This letter was sent in response to Halley, who had written to Newton 2 weeks earlier that he ought to include Book III because “the application of this mathematical part, to the system of the world; is what will render it acceptable to all naturalists, as well as mathematicians, and much advance the sale of the book” (Correspondence II: 434). Without the third book, in which Newton discusses what he calls “the system of the world,” the first two books of Principia Mathematica could not very accurately be called natural philosophy; rather, they would be better described as “two books on the motion of bodies.” For Newton, as for Halley, natural philosophy was not principally concerned with just any motion of bodies that was tractable through mathematical analysis; rather, it was concerned with the mathematical analysis of the actual motions of the bodies within our solar system—within nature as we perceive it in our vicinity of the universe. That coheres with a long tradition in natural philosophy. Newton’s innovation is to provide a mathematical analysis of the motions of these bodies (Chapter 5 describes why this maneuver is innovative). It is no surprise that for Newton, as for many natural philosophers in this period, one of the great outstanding questions is how to understand the earth–sun system, including the question of whether the earth or the sun is at its center. Just a year after this letter, the first edition of what many would now regard as the first true text of modern mathematical physics appeared. For his part, Halley wrote an anonymous piece in the Philosophical Transactions announcing the arrival of the text: “it may be justly said, that so many and so Valuable Philosophical Truths, as are herein discovered and put past Dispute, were never yet owing to the Capacity and Industry of any one Man.”11 And so at the age of 44, Newton was quickly propelled into the first rank of mathematicians and philosophers in England.12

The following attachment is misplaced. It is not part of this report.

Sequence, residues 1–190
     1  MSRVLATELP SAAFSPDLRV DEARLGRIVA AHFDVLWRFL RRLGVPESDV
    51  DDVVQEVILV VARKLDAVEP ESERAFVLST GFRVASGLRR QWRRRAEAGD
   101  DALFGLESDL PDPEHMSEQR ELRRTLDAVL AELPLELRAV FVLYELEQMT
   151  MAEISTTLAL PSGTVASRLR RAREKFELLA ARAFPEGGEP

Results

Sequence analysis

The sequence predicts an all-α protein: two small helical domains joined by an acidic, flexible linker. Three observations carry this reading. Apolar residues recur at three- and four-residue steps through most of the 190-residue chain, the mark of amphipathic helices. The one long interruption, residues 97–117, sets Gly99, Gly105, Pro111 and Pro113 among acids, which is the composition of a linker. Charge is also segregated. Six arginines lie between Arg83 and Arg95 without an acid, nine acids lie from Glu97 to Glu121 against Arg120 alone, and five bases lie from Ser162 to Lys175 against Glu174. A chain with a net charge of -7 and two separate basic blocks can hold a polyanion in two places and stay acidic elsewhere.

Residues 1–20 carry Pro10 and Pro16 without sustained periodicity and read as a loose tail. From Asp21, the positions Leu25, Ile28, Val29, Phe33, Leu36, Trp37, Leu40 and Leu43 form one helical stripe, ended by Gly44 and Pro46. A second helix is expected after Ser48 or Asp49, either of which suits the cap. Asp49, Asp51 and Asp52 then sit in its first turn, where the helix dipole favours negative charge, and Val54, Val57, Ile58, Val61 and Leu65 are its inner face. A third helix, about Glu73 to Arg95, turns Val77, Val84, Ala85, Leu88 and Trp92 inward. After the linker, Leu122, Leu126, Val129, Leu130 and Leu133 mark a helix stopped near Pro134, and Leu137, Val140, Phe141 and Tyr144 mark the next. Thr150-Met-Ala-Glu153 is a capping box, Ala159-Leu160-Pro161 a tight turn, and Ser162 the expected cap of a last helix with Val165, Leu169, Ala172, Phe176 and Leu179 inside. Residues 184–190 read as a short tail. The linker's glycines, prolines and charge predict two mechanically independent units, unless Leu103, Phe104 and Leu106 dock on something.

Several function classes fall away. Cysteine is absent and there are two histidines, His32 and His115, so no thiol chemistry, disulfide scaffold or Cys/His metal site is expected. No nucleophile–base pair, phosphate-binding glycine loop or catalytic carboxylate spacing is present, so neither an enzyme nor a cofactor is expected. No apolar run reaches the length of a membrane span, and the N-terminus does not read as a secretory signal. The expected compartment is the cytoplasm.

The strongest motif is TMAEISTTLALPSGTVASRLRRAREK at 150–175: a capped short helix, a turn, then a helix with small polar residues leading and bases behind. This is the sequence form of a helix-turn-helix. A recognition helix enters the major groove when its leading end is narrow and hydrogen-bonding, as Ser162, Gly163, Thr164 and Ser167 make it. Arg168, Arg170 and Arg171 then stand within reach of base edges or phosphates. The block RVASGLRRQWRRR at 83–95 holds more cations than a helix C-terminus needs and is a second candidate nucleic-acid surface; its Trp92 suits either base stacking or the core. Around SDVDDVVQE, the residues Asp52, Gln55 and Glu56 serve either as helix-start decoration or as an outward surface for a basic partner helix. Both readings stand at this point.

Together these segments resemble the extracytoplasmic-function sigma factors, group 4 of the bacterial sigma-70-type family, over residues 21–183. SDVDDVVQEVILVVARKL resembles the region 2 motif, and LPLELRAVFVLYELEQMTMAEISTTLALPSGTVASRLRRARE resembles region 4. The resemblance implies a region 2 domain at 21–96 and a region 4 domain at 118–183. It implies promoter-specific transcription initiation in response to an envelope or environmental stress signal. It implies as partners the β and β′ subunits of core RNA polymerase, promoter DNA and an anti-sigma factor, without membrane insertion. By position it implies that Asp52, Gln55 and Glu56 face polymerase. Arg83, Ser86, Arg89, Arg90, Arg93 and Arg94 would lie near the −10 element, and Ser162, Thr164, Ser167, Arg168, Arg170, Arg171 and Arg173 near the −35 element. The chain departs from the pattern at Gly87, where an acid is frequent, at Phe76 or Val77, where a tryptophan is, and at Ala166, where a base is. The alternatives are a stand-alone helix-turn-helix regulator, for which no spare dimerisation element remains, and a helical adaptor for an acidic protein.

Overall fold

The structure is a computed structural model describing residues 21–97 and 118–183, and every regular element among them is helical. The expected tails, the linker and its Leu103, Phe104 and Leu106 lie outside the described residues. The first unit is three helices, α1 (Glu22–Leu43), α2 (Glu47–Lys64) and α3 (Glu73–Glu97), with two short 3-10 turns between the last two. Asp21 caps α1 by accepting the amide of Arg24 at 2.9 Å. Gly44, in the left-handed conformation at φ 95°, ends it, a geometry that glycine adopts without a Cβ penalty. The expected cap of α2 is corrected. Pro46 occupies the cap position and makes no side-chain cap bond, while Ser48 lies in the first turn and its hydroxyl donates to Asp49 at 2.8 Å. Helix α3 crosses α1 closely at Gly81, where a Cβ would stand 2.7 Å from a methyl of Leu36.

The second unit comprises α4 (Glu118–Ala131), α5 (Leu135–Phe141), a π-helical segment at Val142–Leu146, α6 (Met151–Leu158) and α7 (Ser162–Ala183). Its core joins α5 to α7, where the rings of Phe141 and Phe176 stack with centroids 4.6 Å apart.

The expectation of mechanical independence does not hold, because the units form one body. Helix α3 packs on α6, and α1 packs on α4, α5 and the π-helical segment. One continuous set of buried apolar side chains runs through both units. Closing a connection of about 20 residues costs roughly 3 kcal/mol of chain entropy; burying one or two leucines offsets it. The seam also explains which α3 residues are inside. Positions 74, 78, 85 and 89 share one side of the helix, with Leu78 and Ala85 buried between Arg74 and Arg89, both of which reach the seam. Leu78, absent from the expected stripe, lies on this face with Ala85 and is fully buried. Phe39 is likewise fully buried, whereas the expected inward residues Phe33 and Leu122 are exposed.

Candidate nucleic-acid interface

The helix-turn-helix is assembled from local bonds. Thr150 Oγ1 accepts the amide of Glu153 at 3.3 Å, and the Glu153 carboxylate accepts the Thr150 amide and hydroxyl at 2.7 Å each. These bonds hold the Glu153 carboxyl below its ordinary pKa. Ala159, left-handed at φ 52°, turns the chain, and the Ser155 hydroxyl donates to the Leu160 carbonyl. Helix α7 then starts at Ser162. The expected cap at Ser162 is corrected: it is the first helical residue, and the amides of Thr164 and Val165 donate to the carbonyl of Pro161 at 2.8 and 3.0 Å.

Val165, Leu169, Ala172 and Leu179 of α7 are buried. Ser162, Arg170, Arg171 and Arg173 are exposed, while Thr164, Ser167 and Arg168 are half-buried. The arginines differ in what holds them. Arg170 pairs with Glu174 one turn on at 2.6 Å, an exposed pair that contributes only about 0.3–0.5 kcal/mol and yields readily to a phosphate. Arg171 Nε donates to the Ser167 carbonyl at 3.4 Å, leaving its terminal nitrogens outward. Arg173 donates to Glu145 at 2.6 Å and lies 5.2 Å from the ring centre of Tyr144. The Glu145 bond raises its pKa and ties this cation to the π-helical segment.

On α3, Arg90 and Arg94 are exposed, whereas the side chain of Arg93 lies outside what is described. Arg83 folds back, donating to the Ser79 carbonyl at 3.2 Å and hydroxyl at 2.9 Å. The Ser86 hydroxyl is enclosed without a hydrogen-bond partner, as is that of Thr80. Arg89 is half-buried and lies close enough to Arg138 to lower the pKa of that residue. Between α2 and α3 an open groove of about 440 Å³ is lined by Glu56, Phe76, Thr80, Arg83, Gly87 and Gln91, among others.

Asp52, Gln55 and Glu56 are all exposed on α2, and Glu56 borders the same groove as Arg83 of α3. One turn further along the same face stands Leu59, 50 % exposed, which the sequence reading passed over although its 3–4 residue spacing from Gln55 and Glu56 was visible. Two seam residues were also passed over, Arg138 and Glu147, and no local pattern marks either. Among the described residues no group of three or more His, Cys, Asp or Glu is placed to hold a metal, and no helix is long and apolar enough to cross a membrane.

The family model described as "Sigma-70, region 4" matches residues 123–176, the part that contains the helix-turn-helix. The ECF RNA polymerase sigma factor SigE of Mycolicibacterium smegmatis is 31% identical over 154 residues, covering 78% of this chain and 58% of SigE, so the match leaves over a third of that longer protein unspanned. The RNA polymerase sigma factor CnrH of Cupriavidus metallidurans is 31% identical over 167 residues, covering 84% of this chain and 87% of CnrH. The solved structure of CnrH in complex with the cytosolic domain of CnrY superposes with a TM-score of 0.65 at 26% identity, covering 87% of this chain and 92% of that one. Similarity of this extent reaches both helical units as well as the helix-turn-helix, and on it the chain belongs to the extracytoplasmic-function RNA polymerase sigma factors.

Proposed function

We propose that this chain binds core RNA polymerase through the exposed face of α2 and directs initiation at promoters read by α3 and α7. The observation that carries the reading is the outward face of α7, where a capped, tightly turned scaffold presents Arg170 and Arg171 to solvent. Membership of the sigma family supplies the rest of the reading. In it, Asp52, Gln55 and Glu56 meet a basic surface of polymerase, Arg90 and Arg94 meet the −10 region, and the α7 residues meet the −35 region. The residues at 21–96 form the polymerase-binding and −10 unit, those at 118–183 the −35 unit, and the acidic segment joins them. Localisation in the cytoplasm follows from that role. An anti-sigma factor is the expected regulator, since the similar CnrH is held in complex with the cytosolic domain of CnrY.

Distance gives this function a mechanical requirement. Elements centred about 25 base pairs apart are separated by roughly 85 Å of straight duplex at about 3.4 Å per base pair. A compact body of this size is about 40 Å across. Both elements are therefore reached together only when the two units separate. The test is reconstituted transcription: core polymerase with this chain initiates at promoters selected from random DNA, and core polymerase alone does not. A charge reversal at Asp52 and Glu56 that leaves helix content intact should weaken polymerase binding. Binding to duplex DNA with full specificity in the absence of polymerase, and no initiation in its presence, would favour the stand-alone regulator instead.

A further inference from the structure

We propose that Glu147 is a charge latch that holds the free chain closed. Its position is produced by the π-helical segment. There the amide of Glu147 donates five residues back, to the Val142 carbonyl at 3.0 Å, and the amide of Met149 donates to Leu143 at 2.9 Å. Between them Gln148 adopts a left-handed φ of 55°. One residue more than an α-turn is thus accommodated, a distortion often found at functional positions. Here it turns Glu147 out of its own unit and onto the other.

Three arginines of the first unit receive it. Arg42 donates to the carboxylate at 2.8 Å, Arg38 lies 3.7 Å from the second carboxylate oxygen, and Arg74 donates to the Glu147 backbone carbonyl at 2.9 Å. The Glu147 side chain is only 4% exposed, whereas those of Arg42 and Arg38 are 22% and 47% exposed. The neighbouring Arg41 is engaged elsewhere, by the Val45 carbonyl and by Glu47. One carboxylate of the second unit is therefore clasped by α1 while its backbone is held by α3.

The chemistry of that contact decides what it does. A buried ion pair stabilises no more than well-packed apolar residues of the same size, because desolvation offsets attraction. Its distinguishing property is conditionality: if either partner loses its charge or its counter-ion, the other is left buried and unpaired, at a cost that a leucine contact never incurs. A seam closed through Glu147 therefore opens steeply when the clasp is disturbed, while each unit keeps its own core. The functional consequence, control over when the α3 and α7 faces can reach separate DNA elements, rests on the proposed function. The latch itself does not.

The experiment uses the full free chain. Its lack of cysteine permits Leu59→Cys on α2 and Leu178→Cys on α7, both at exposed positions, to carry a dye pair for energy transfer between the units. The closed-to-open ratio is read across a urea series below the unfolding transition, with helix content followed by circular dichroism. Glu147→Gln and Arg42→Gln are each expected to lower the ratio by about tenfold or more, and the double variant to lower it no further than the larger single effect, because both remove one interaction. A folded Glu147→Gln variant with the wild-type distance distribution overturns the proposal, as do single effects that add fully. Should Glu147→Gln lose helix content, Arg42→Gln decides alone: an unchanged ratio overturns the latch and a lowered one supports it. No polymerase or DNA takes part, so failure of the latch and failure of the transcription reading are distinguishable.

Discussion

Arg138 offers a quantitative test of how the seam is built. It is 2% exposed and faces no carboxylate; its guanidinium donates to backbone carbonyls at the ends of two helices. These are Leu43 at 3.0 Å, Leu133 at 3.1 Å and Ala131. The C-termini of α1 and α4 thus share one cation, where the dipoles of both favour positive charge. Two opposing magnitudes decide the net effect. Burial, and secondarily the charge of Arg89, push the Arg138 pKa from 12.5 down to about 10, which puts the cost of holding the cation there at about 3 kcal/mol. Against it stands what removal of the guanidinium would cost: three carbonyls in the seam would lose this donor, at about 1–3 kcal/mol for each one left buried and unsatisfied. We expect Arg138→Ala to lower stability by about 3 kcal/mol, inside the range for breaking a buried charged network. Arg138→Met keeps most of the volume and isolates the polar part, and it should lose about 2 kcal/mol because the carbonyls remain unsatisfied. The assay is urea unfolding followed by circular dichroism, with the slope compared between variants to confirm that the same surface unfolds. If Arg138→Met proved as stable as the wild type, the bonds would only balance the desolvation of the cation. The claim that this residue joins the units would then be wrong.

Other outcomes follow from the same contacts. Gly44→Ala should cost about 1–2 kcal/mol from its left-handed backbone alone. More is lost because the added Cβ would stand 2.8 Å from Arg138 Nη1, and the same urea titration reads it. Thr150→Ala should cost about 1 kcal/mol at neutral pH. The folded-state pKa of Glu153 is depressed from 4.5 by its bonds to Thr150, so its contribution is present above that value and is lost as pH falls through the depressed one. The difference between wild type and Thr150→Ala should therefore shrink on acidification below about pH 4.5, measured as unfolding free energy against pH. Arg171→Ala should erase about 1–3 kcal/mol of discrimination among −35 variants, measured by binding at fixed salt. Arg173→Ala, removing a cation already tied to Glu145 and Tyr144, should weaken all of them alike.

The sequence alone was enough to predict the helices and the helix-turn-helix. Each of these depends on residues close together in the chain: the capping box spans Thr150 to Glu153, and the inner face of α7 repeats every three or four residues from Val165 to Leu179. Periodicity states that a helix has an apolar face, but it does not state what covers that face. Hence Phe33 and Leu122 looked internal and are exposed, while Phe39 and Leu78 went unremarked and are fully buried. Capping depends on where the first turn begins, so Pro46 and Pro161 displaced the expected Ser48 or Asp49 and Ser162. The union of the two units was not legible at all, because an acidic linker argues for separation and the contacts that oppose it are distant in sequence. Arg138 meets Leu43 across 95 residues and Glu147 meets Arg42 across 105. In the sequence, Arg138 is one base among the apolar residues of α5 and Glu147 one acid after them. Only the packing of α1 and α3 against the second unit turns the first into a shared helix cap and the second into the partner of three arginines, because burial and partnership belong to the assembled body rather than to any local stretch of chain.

The decade of the 1690s brought Newton considerable attention for his magnum opus, along with several new and significant friendships. When John Locke returned from political exile in 1688, he made a point of meeting Newton soon after and the two struck up a friendship. Their correspondence indicates that they held similar unorthodox religious beliefs, each finding reason, for instance, to question the official Anglican doctrine of the Trinity. These beliefs were closely held by Newton throughout his adult life, and Locke may have been the first person to whom he revealed them. In the second edition of the Principia in 1713, Newton may have given some hints as to his real views, especially in the newly added General Scholium at the book’s end, but he would never publish his anti-Trinitarian conceptions openly, as they would have landed him in considerable political (and perhaps legal) trouble. For his part, Locke took Newton’s work very seriously: he wrote an anonymous, largely laudatory, review of the Principia (having famously asked Huygens to vouch for the mathematics he could not understand) in the Bibliothèque Universelle, mentioned Newton in the preface to his Essay Concerning Human Understanding (1690), and told Bishop Edward Stillingfleet that Newton’s work had convinced him that his long-held mechanist understanding of natural change required revision (see Chapters 5 and 6). During this same time, Newton quickly developed an intense and very close friendship with the Swiss mathematician Nicolas Fatio de Duillier, who reports being converted from Cartesianism to Newtonianism in the process (Westfall 1980, 493). Yet Newton’s tumultuous personal life did not come to an end with these particular friendships: as his correspondence amply demonstrates, he often found himself passionately devoted to a friend, only to have a significant fight with him later. Some scholars have speculated that the constant tumult of Newton’s life can be traced back to the absences of his childhood.